Day by Day

We’ve had a weird spurt of weather in these here parts that have dangled spring in front of us. I mean, it snowed last night, so . . . that was weird. But spring .  . . spring will come.

I’ll level with you. This has been a tough winter. This is always a difficult time of year for me. It’s so bleak. It’s my busiest season at work, and going on turbo speed for 3 straight months is exhausting. This year was extraordinarily busy and hard. I mean, we moved mountains, people. I’m amazed at us.

Now as the last little bits of book projects go to press—a cover there, a flash drive with ancillary material there, an massive medical textbook there—it’s the calm before the storm when moi and 14,000 of the people who keep me employed descend on Philadelphia for 4 straight 18-hour hour days.

Frankly, I’ve been so busy being miserable these past couple of months (and Chris is away again this week, this time for work) that I looked up yesterday and realized I was working mostly on projects that were for AFTER April 1! Work panic mode has  . . . dwindled. We’re going to make it. All our books will make it. Oh, the relief.

Meanwhile, a friend recently pointed out that Chris and I have spent very little time together since Christmas. I’ve traveled, he’s traveled, we’re all traveling again next week. I know I should say that I’m so sick of single parenting, and I am, but on a functional day-to-day level, I have one hell of a smooth system in place at this point. I wouldn’t call it autopilot, because it takes too much effort for that, but routine routine routine. Lorelei thrives on routine. Routine keeps Mommy sane while simultaneously making her bored.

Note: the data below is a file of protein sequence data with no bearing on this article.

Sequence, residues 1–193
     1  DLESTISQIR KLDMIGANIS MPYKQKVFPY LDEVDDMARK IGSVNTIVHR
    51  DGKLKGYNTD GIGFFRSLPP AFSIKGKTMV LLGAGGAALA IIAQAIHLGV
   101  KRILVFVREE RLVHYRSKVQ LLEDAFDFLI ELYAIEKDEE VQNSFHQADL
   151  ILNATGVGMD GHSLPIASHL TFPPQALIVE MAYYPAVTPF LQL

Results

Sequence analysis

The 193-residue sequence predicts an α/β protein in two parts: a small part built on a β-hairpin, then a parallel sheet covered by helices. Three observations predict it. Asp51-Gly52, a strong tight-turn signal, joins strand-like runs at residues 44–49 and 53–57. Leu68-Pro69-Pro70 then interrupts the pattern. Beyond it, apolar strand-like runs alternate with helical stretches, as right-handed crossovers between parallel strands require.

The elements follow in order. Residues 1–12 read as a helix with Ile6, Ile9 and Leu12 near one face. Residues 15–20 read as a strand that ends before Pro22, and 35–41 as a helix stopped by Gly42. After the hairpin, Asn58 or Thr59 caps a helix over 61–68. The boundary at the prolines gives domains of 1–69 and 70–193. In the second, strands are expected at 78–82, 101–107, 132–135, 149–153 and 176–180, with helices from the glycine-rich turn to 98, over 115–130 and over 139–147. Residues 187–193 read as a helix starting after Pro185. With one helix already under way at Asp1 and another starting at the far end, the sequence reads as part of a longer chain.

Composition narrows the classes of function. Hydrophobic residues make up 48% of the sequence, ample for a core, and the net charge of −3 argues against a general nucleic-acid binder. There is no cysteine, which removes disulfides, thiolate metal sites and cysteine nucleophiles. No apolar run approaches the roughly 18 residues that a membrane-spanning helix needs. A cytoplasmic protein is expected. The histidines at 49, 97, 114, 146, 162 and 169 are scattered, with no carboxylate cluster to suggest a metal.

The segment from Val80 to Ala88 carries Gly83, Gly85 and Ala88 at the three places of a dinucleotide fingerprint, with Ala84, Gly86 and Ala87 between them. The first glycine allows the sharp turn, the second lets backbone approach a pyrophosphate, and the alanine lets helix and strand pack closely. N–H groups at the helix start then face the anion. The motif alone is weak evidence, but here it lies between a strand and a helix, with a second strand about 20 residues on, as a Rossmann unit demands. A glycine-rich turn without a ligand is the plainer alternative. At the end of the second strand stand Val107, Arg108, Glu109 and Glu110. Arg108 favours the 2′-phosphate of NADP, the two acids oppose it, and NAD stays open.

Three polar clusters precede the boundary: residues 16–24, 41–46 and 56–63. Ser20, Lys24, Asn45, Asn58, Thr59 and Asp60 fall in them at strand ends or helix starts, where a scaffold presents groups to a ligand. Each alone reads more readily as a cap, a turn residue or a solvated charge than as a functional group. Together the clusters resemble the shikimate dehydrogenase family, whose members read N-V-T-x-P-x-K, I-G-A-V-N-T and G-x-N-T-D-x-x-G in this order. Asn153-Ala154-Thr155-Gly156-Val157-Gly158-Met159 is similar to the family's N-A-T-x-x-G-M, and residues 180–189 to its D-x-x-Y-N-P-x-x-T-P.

With Chris’s ankle injury to boot, I’ve gotten very used to doing what needs to get done.

No, it’s not that I’m tired of single parenting, because I’m used to the workload at this point. It’s more that THREE unexpected trips to the west coast in the past 60 days, plus one planned trip, have  . . . strained us. Chris stared at his suitcase on Monday and muttered, “I can’t believe I’m going to Salt Lake City tomorrow.”

No, it’s not that I’m tired of single parenting. I’m tired of being by myself at night. I’m tired of dealing with the dog at 4:00 a.m. when she moans that she simply must pee. I’m tired of seeing Charlotte’s default mode when setting the table is to set just 3 forks. I’m tired of the kids screaming “I MISS DADDY!” every time I make them do something they don’t want to do. I'm tired of our family feeling incomplete.

I don’t like getting all set in my ways (okay, more than usual) when Chris is gone. He returns and seems clueless, but he’s not. I just have things set in a way that (I think) maximizes efficiency and therefore lowers my mommy yelling to kid dilly dallying ratio.I think my way of doing things is totally self-evident, but . . . it's not.

Case in point: During one of the brief nights we were in the same state, Chris was toying with a garage door opener during the evening routine with the girls. And he needed my help.

You can imagine what a sweet, docile, and helpful little wife I was when I screeched that it was the effing evening routine and perhaps his project could WAIT.

And a tiff like that escalates into me being “naturally” horrible because I couldn’t set aside a mere 5 minutes, shrew that I am, and him being clueless and disengaged.

Oh, I was so angry. At Chris, obviously, but also because our precious time together—actually together!—was being punctuated with slammed doors and badly concealed seething.